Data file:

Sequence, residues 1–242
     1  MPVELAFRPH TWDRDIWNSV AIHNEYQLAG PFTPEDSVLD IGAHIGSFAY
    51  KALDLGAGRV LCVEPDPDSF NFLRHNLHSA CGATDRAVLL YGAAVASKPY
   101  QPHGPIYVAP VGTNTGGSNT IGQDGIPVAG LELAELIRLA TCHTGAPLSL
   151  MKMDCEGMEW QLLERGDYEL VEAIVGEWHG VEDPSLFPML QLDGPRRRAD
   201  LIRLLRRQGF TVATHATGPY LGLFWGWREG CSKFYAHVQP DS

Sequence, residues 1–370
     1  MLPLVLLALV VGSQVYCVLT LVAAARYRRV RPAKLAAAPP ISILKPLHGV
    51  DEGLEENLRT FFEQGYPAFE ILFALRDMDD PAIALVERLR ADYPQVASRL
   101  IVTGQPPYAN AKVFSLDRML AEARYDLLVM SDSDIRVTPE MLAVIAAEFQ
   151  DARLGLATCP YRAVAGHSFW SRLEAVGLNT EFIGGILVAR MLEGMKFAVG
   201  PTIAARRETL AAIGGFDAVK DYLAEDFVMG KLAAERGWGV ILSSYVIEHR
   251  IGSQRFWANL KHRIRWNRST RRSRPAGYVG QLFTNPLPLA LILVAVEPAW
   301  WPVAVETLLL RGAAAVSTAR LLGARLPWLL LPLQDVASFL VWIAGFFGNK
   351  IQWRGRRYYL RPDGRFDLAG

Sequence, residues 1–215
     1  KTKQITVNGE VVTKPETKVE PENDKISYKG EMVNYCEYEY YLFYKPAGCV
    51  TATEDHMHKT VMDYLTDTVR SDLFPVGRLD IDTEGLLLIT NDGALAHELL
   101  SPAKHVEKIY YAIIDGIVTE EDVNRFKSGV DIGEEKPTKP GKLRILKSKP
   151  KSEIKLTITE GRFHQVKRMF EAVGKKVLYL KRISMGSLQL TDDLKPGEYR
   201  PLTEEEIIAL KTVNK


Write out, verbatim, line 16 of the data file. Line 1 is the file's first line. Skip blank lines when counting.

Sequence, residues 1–215